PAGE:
June 30, 2011 Washington, D.C. was the first stop on my sixth concert tour with the Pacific Boychoir Academy (PBA). Year after year, this three-time Grammy Award-winning choir travels the globe, and I'm fortunate to join them as soloist. This year we head to Lithuania, Estonia, Latvia, and Russia. For our travels, I face the challenge of finding new ways to captivate audiences in singing some familiar pieces with veteran performers.
Before going abroad, the Music Center at Strathmore was host to our second concert of the tour - part of the Serenade Choral Festival in the Washington, D.C. area. Choirs from South Africa, Russia, Botswana, Indonesia, Canada, and Los Angeles shared the stage, so our set was short, but more than sweet. This year's tour repertoire consists of choral favorites such as the Allegri Miserere, Mozart Requiem, Tallis Lamentations of Jeremiah, Palestrina Tu es Petrus, and much more by Rachmaninoff, Wood, Whitacre, Gershwin, Hogan, and even the Beetles.
City Called Heaven was the first solo I sang with the choir this year - perhaps my favorite choral rendition of a spiritual, one that I learned under the tutelage of Josephine Poelenitz, the song's arranger, growing up in Chicago, Illinois. Nearly twenty years later, it was just as pleasing to sing as the first time that I experienced its power when performing the song with the All-City Elementary Youth Chorus as a child. This time around I worked on new embellishments and ornamentation for what is, to me, the songs third incarnation during my singing career. I've experienced it simply as a sad gospel song early on, later as a hopeful spiritual of deeper meaning, and now as an inspiring song of reflection on my ancestry, personal passions, struggles, and aspirations. I was satisfied to find a few ways to reinvent the telling of the story of a "poor pilgrim of sorrow" who is trying to make it to heaven.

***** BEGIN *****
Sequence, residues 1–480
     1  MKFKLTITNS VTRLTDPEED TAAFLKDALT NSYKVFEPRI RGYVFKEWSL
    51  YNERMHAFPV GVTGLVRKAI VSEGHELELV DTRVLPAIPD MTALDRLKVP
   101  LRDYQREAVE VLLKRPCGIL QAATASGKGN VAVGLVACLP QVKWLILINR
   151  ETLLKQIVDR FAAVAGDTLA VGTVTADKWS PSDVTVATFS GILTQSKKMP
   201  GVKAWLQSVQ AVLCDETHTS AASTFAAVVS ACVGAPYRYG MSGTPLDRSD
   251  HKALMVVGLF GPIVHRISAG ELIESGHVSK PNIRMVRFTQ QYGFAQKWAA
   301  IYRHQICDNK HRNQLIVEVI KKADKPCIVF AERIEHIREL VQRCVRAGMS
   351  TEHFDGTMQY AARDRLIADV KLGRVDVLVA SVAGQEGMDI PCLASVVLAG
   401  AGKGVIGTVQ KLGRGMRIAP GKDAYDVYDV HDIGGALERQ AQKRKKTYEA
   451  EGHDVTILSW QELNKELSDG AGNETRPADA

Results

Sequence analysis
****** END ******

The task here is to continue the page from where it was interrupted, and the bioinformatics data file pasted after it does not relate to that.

A wonderful complement to this piece was the addition of the song, I Know I've Been Changed, which we first performed at Congress Hall in the capital city of the southern-most Baltic country, Vilnius, Lithuania. This song of redemption and praise sits very comfortably in my range, allowing for a great deal of improvisation, so I've taken to exploring small pockets of rests in which to add new inflections, sometimes to the harmony or text, and often to the rhythm, all targeted at keeping the choir and listener engaged and surprised.
In the same performance, following the boychoir's set, I switched to the classical style in performing the baritone solos of the DurufléRequiem. One of his most famous works, composed in 1947, the piece has an array of dynamic and emotional contrasts. Amid the Domine Jesu Christe and Libera Me, my lines rose from piano to forte F's, backed by the solid sound of the Lithuanian State Symphony Orchestra, a few of its choir members, and the young men and boys of the PBA. This mass for the dead was more than rousing and was quite well received in concert. Now its full-steam ahead to Russia where I look forward to seeing the response of audiences in St. Petersburg and, later, Moscow. The tour continues to Estonia and Latvia as well, so I'm sure there will be many different types of audiences, venues, and singing experiences.